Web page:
The change is a victory for SAP customers, user groups and the many who complained bitterly about the application vendor's July 2008 decision to increase maintenance and support fees from 17% to 22% over five years. But it's not a complete victory in that the Standard Support option—which was available only in Germany, Austria and Switzerland in 2009 but will be reintroduced worldwide—is set at 18%, a 1% increase from 2008 rates. What's more, Standard Support will be subject to inflationary price increases—a common practice but one that does not apply to Enterprise Support through 2016.

Those numbers underscore my contention that this minimalist approach allows SAP to put a check-mark in the box that says "customers say they want more support and maintenance options" without really advancing the long-term interests of its customers. Technically, SAP now offers tiered support options; practically, customer options are extremely limited.

It's as if McDonald's rolled out a new soft-drink policy along these lines: "We now have two and only two drink sizes and prices: Sumptuously Supreme and Not As Good. Here are the descriptions:

Previous
1 of 2
Next
Comment  | 
Print  | 
More Insights
Register for Dark Reading Newsletters
White Papers
Cartoon
Current Issue
Flash Poll
Video
Slideshows
Twitter Feed
Dark Reading - Bug Report
Bug Report
Enterprise Vulnerabilities
From DHS/US-CERT's National Vulnerability Database
CVE-2014-5427
Published: 2015-03-29
Johnson Controls Metasys 4.1 through 6.5, as used in Application and Data Server (ADS), Extended Application and Data Server (aka ADX), LonWorks Control Server 85 LCS8520, Network Automation Engine (NAE) 55xx-x, Network Integration Engine (NIE) 5xxx-x, and NxE8500, allows remote attackers to read pa...

CVE-2014-5428
Published: 2015-03-29
Unrestricted file upload vulnerability in unspecified web services in Johnson Controls Metasys 4.1 through 6.5, as used in Application and Data Server (ADS), Extended Application and Data Server (aka ADX), LonWorks Control Server 85 LCS8520, Network Automation Engine (NAE) 55xx-x, Network Integratio...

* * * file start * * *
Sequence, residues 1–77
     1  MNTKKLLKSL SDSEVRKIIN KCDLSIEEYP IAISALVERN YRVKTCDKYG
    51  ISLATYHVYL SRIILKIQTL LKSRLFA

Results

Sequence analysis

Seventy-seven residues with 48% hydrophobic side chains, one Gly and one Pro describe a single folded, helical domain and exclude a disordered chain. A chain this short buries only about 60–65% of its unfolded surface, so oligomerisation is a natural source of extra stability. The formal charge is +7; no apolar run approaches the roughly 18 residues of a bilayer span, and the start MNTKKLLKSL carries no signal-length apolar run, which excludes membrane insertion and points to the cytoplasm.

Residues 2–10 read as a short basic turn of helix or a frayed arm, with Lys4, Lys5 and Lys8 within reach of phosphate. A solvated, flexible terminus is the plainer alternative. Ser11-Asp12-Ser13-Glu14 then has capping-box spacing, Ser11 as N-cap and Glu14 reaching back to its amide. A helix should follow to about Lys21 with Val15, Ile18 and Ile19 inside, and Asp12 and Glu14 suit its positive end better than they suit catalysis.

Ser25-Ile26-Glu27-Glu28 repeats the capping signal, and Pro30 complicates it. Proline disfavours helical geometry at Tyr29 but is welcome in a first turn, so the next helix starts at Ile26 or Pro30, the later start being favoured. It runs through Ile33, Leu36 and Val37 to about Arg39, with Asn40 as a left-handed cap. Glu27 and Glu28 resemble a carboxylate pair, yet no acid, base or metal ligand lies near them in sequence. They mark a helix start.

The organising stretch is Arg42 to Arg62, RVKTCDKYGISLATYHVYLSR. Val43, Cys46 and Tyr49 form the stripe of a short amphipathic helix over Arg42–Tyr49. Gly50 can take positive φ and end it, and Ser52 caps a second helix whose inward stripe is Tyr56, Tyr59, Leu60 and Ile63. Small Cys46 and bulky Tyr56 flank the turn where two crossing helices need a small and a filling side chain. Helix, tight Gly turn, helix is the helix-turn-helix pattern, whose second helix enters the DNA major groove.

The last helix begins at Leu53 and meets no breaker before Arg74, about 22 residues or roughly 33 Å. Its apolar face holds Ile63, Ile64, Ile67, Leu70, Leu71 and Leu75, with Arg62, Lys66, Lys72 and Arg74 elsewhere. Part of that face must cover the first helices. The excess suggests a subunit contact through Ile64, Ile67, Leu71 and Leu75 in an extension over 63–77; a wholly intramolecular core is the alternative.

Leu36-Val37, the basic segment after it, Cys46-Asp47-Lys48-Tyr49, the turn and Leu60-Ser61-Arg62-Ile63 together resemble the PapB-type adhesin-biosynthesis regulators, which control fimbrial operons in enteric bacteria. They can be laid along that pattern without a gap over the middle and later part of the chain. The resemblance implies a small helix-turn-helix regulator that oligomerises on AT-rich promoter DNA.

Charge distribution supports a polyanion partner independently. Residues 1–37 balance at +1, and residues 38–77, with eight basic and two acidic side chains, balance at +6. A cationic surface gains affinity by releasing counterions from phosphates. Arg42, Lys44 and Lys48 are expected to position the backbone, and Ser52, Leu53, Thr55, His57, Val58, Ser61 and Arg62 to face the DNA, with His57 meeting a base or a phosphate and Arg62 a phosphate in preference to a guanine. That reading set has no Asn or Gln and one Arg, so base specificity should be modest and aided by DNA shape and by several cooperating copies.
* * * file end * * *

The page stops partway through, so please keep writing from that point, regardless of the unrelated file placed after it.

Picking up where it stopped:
CVE-2014-9205
Published: 2015-03-29
Stack-based buffer overflow in the PmBase64Decode function in an unspecified demonstration application in MICROSYS PROMOTIC stable before 8.2.19 and PROMOTIC development before 8.3.2 allows remote attackers to execute arbitrary code by providing a large amount of data.

CVE-2015-0528
Published: 2015-03-29
The RPC daemon in EMC Isilon OneFS 6.5.x and 7.0.x before 7.0.2.13, 7.1.0 before 7.1.0.6, 7.1.1 before 7.1.1.2, and 7.2.0 before 7.2.0.1 allows local users to gain privileges by leveraging an ability to modify system files.

CVE-2015-0996
Published: 2015-03-29
Schneider Electric InduSoft Web Studio before 7.1.3.4 SP3 Patch 4 and InTouch Machine Edition 2014 before 7.1.3.4 SP3 Patch 4 rely on a hardcoded cleartext password to control read access to Project files and Project Configuration files, which makes it easier for local users to obtain sensitive info...

Dark Reading Radio
Archived Dark Reading Radio
Good hackers--aka security researchers--are worried about the possible legal and professional ramifications of President Obama's new proposed crackdown on cyber criminals.